It is fitting that in these biographical memoirs of the men of Southern Illinois the name of Allen F. Calvin, of Newton, Illinois, should have a place, for he has by his enterprise and his progressive methods contributed in a very material way to the industrial and commercial advancement not only of Newton, but also of the surrounding section. He is a splendid example of that typically American product the self-made man, for he was not born with the proverbial silver spoon in his mouth, but to the contrary has had to battle with life from his boyhood. He has had an honorable and successful business career, and has been a dominant factor in some of the most important enterprises in Newton. As a business man his ability is undoubted, and particularly is this true in the field of finance.

Allen F. Calvin was born in White county, Illinois, on the 15th of June, 1865. He is a son of Thomas Calvin, who, although the earlier years of his life were devoted to farming, later 'became a railroad man and was connected with this industry at the time of his death. In 1863 he was


married to Mary C. Hanks, and four children were born to him and his wife. Of these Allen F. Calvin was the next to the eldest. Two of the children died in infancy, leaving Allen and his brother Frank, who at present resides in the city of Indianapolis. Thomas Calvin died in December, 1908, having been preceded by his wife, who died in March, 1897.

Shortly after the birth of Allen F. Calvin his parents removed to Flora, Illinois, and here the boy grew up. The family while not poor were only in comfortable circumstances, and since an education was something of a luxury in those times young Allen did not have many years in the school room. Three winters, that was all, but he made the most of his time and obtained as much benefit as a boy nowadays would from double the time. To use his own picturesque phrase, he is a graduate of that school known as experience, and many of his early disappointments he has found to be valuable assets in after life. He remained in the town of Flora until 1881, and then at the age of sixteen determined to go to Newton and find work.

He therefore came to Newton, and secured employment as a clerk in a clothing store, following this line of work until February, 1895, when he formed a partnership with E. W. Hersh in the investment business. The firm, which was known as Hersh and Calvin, existed until 1901, and they built up a very lucrative business. Between 1895 and 1901 they purchased the Bank of Newton, a private banking house. This they conducted in connection with their investment, and their patronage grew so large that they finally determined to nationalize the institution. In 1901, therefore, the Bank of Newton, became the First National Bank of Newton, Illinois. When this was done they closed out the investment business in order to have more time to give to the new enterprise. Mr. Calvin is vice president of the First National Bank of Newton, Illinois, and is also one of the owners of the Bank of Commerce, a private banking house, located at Wheeler, Illinois. In 1905 Mr. Calvin again went into the investment business, operating independently. He deals mainly with first mortgage loans, and much of his time is spent in looking after his large real estate holdings and in caring for his banking interests.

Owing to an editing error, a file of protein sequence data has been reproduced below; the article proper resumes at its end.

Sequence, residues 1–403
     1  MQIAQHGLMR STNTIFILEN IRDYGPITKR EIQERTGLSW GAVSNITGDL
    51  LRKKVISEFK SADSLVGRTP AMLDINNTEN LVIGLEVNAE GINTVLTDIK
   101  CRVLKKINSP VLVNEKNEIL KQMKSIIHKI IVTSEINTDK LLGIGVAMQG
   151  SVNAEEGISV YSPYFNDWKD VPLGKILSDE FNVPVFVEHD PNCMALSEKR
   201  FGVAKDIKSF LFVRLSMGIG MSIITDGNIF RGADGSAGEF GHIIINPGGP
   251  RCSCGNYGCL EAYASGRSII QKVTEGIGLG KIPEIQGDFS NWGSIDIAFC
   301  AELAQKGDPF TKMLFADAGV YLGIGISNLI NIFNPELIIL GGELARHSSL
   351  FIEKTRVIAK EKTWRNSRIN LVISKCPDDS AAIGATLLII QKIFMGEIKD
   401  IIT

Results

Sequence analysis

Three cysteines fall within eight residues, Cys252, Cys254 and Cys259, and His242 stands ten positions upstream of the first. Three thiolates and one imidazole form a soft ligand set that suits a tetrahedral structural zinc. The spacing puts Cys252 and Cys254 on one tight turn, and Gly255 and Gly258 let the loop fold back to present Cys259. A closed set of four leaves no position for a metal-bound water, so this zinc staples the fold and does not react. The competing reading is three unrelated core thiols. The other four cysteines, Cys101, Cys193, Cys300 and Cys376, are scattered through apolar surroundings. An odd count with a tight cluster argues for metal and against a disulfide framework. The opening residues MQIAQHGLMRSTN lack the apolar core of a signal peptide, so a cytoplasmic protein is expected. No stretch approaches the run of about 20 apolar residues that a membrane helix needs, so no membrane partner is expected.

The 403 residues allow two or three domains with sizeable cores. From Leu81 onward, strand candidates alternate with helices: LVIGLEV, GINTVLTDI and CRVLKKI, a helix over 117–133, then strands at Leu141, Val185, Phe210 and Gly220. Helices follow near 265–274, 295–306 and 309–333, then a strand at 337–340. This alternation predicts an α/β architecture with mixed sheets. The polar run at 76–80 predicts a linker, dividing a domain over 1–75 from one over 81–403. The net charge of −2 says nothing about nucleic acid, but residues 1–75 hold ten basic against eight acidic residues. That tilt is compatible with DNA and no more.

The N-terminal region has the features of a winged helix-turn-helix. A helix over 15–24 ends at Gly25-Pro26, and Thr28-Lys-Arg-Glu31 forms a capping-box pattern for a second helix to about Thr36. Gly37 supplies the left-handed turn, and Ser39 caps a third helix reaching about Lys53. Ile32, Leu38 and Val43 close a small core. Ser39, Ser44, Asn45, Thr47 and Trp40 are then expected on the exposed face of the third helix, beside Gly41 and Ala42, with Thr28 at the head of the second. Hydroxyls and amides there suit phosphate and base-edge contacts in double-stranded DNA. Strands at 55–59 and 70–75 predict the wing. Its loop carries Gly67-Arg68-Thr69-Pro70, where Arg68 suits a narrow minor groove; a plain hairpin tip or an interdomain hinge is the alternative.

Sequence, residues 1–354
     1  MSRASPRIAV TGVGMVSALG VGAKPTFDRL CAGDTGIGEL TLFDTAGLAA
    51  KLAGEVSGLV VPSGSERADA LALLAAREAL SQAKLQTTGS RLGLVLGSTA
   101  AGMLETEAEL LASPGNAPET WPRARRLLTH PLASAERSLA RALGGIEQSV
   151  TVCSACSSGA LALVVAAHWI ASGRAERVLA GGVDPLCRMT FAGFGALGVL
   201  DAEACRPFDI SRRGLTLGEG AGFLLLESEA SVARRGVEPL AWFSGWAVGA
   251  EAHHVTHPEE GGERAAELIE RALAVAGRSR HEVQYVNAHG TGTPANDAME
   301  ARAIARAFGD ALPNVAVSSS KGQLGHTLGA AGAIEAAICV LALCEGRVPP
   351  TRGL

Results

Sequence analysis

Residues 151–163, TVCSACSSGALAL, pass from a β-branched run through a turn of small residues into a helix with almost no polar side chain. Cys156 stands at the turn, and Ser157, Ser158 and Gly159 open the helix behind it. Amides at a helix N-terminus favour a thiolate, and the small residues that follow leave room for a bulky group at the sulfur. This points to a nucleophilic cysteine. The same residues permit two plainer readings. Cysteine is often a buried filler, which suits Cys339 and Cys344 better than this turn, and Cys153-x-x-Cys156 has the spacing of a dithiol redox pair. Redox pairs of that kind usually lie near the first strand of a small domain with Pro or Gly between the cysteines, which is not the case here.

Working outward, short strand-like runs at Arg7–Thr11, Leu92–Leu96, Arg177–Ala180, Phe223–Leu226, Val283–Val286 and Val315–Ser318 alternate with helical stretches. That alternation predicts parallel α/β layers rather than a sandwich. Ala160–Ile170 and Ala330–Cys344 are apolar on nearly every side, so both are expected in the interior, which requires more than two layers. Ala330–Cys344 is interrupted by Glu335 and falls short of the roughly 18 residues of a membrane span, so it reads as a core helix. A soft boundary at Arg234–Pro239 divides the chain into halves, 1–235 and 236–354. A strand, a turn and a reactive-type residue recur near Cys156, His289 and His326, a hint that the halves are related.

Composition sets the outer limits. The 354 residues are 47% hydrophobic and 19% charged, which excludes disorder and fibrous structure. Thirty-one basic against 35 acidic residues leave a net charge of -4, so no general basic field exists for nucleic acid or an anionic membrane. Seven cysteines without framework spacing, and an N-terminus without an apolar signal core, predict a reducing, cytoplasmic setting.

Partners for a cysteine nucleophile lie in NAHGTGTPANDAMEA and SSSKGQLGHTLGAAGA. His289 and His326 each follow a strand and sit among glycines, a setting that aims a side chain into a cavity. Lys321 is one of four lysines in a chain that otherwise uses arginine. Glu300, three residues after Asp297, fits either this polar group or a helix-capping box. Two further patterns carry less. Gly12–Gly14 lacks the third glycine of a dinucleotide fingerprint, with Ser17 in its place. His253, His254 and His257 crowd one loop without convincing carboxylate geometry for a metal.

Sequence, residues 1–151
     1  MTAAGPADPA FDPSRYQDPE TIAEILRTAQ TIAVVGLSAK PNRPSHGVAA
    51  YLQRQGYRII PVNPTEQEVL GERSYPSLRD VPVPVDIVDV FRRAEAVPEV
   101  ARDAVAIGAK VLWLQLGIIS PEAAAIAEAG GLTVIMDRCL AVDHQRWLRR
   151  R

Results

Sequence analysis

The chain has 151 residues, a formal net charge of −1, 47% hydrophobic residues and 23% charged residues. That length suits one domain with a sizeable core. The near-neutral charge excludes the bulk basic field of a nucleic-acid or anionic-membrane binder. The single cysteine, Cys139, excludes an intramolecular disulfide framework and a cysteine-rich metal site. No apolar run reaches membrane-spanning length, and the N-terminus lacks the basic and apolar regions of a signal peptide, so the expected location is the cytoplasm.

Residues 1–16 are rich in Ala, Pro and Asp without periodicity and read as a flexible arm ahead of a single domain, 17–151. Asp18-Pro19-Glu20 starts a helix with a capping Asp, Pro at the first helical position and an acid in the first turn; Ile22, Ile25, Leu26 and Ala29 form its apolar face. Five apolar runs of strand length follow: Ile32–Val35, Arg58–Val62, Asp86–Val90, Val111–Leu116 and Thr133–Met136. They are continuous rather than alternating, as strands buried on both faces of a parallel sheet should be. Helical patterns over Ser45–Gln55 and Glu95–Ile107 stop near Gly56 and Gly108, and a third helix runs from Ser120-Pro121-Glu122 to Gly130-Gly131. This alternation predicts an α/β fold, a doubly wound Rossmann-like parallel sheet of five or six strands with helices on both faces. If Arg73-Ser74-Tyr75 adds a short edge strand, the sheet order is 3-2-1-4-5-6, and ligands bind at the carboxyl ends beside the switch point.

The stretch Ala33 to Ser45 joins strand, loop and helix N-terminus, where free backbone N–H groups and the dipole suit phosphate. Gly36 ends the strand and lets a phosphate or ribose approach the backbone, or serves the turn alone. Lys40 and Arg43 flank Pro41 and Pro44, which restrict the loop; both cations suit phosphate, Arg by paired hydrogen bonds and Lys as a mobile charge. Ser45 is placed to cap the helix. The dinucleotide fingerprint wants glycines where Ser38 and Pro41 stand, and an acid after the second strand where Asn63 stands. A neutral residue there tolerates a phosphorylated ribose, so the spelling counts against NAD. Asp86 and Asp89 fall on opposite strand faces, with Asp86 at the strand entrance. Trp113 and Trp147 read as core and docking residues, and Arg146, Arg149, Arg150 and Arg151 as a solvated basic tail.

Mr. Calvin was married in April, 1888, to Miss Eva Shup, a daughter of George H. and Elsie C. Shup, of Newton. Mr. and Mrs. Calvin have no children, but they have the love of the little folks far and near. It is safe to trust a child's intuition, so it will cause no surprise that Mr. and Mrs. Calvin should have a very large circle of friends, who respect them for the strength and fineness of their characters, and love them for the charm of their personalities. Both Mr. Calvin and his wife are members of the Methodist Episcopal church.

Politically Mr. Calvin is a Republican, but his interest in politics is only that of an intelligent voter and he has no desire for political honors. His fraternal affiliations are with the Masons and the Knights of Pythias. He is also a member of the Commercial Club, taking an active part in the work of this organization, and he has done as much to put Newton on the map of Illinois as has any one man in his city.

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